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Shan Herald: Being serious about peace

Being serious about peace

It’s been almost 15 months since President Thein Sein invited all armed movements fighting against Naypyitaw for peace talks.

Since then, his negotiators have met at least 15 of them and have concluded ceasefire agreements with 13, namely:

United Wa State Army - 6 September 2011

National Democratic Alliance Army - 7 September 2011

Democratic Karen Benevolent Army - 3 November 2011

Restoration Council of Shan State / Shan State Army - 2 December 2011

Chin National Front - 10 January 2012

Karen National Union - 12 January 2012

Shan State Progress Party / Shan State Army - 28 January 2012

Karen Peace Council - 7 February 2012

New Mon State Party - 25 February 2012

Karenni National Progressive Party - 7 March 2012

Arakan Liberation Party - 5 April 2012

National Socialist Council of Nagaland - 9 April 2012

PaO National Liberation Organization - 25 August 2012

The two other groups it has met and talked but still yet to reach agreement are Kachin Independence Organization (KIO) and Palaung State Liberation Front (PSLF) both of which it is still fighting against.

Some KIO officials however have claimed there is no need for another ceasefire agreement since it had already signed one on 24 February 1994. The only thing needed is for Naypyitaw to adhere to it.

Another group that concluded a ceasefire agreement in the same year as KIO is Kayan New Land Party (KNLP) whose active area is known by some as the Four Corners, where Shan State, Karen State, Karenni (Kayah) State and Mandalay Region meet.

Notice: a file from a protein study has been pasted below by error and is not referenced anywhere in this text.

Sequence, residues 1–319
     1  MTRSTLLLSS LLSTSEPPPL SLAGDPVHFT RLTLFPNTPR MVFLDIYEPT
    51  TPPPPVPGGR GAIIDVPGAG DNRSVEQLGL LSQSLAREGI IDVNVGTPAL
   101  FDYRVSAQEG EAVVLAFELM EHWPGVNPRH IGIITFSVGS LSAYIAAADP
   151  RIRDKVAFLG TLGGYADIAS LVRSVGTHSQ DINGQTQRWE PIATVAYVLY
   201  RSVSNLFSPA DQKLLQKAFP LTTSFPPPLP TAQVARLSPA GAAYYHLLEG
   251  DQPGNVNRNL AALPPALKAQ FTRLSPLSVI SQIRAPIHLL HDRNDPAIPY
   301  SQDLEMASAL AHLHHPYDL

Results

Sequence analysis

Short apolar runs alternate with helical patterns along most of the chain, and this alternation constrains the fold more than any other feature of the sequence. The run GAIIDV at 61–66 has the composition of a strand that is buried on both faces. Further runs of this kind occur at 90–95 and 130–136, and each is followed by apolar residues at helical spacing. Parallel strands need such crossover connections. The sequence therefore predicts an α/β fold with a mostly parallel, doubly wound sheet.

Naypyitaw has also agreed to start political dialogue with the groups collectively. During the meeting with the United Nationalities Federal Council (UNFC), the alliance of 11 armed movements, 6 of which have concluded ceasefire last month, its chief negotiator U Aung Min even proposed the 4 topics that need to be discussed and agreed before the actual talks begin:

Framework of the dialogue
Agenda or talking points
Time frame
Technical assistance
All in all, few can deny the peace process is though slow, moving forward.

However, if Naypyitaw is really servious about peace, it should also make itself unquestionable about the following lingering questions:

Why hasn’t it declared a nationwide ceasefire that would have cleared the doubts from several quarters?

Why it keeps saying it has concluded ceasefire agreements with 10 groups when it actually has done it with 13?

Which 3 groups are not counted and Why?

Why Naypyitaw have funds for war but not for peace?

Why did U Aung Min say he had to spend from his own pockets until last month, when EU handed him 700,000 euros?
Honest answers by U Thein Sein government, I’m sure, will help accelerate the peace process and not hamper it.